Plans to transform Napier's Marine Parade as a mecca for families, holidaymakers and tourists have not dampened the resolve of Marineland supporters who want marine animals to feature in the site's redevelopment.
The Napier City Council's Big Picture plans include the public-private development of a cable ski concept and other adventure tourism activity, Mayor Barbara Arnott announced yesterday.
Established in the 1960s as a performing dolphins spectacle attracting hundreds of thousands of holidaymakers to Napier, Marineland closed to the public after the death of the last-surviving dolphin Kelly in September 2008.
A decision on the permanent closure came two years later when the Minister of Conservation reaffirmed he would not permit the keeping of marine mammals in captivity.
Remaining animals have been tended by staff on-site, but education programmes shifted to the National Aquarium, also on Marine Parade, at the start of this year, and blue penguins from Marineland are to be housed at the aquarium in a newly-built enclosure opening in November.
Lobby group Friends of Marineland battled unsuccessfully in the High Court to have Marineland maintained as an animal sanctuary.
Friends spokeswoman Emily Otto had an "Oh, please No!" response when first reading of the cable ski concept, and the possibility of the site being taken over by water skiers and wake-boarders.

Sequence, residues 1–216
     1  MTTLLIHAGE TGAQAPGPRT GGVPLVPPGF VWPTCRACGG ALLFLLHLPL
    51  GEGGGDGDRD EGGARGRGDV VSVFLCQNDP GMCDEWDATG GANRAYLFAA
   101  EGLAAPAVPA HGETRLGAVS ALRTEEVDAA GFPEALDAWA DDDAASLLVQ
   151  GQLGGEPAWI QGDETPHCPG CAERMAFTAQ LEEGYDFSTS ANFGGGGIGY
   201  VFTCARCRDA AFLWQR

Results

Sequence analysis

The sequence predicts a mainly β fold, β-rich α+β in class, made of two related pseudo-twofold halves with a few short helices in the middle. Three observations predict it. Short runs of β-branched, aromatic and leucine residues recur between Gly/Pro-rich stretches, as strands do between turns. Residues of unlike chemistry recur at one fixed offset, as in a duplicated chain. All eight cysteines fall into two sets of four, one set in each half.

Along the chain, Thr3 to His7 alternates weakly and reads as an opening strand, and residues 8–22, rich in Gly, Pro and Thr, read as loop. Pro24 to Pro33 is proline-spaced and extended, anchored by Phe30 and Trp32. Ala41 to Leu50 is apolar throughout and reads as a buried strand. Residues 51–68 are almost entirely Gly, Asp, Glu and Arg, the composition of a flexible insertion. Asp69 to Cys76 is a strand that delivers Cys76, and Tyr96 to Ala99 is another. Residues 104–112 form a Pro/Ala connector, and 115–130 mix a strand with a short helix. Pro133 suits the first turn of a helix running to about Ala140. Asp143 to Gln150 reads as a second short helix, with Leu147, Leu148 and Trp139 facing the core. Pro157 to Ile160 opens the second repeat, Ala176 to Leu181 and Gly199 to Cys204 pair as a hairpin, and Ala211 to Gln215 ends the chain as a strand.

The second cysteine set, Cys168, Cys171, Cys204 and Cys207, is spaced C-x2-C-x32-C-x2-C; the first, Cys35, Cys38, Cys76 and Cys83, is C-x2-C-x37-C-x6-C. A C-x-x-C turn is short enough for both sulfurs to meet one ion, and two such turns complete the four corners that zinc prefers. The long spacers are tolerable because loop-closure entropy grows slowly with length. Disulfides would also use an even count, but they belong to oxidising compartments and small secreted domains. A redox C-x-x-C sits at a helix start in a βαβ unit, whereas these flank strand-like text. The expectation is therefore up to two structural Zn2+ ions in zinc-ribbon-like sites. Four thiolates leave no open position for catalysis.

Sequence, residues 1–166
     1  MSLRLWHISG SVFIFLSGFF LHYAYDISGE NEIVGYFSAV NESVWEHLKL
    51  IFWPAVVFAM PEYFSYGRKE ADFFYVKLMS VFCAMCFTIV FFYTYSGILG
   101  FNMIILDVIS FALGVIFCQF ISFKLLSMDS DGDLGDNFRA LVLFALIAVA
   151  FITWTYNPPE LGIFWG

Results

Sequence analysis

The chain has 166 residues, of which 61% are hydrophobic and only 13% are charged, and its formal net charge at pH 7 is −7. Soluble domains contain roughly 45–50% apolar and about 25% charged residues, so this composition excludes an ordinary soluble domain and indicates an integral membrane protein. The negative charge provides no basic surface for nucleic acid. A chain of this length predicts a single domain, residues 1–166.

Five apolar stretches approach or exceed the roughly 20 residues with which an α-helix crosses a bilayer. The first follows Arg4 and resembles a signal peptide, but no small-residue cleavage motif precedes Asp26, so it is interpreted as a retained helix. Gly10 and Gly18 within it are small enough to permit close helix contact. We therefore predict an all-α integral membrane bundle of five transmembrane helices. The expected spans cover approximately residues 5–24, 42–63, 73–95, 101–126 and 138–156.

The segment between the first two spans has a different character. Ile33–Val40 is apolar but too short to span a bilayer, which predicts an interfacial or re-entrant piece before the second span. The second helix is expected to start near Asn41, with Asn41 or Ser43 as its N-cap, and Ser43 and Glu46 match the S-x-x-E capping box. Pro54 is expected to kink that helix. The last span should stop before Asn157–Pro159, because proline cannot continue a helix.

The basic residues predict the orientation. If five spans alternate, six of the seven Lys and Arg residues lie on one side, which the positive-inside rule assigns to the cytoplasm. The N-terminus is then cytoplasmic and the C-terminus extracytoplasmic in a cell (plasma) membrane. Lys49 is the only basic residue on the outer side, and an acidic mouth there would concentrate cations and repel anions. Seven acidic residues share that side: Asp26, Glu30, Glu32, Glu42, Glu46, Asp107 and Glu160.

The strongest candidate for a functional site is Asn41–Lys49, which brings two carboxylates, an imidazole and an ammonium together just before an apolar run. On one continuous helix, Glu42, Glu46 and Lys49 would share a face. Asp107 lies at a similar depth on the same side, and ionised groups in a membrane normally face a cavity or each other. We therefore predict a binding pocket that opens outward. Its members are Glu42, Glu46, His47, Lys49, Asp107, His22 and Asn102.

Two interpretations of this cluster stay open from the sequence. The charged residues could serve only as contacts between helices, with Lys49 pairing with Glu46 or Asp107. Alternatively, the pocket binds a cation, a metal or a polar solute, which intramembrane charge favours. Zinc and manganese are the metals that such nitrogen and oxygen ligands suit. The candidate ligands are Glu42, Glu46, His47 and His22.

She called on Marineland supporters to speak up.
"Now more than ever, Marineland needs your support," she said.
"While this is still only an idea at this stage, in short, it looks like it involves demolishing the current site, getting rid of all the marine animals and turning the whole area into an artificial lake for thrill-seekers on water skis or wakeboards attached to a cable overhead.
"This would not be something for all ages to enjoy and is not something which promotes marine conservation or raises awareness about our precious marine life," she said.
"If you like the Friends of Marineland's proposal for an education-focused marine animal sanctuary (including a marine animals hospital) then please, tell the Napier City Council."
Businessman and Friends supporter Rodney Green, whose hotel interests include the Quality Inn opposite Marineland, lauded the council plans which also propose a second big-money item - a wave park towards the northern end of the Parade.
Other proposed ideas include a range of mainly free activities and open areas, some already existing and others including a junior bike track, a BMX jump park, a pier and other work, all in the approved or planning stages.
"It's a wonderful step forward, well overdue," Mr Green said. "The ideas are very, very good.
"But I still feel not enough was done to keep Marineland as a sea-life park, without [performing] dolphins."
Generally, the proposals were being well received yesterday, with some relief after delays in setting a path for the future.
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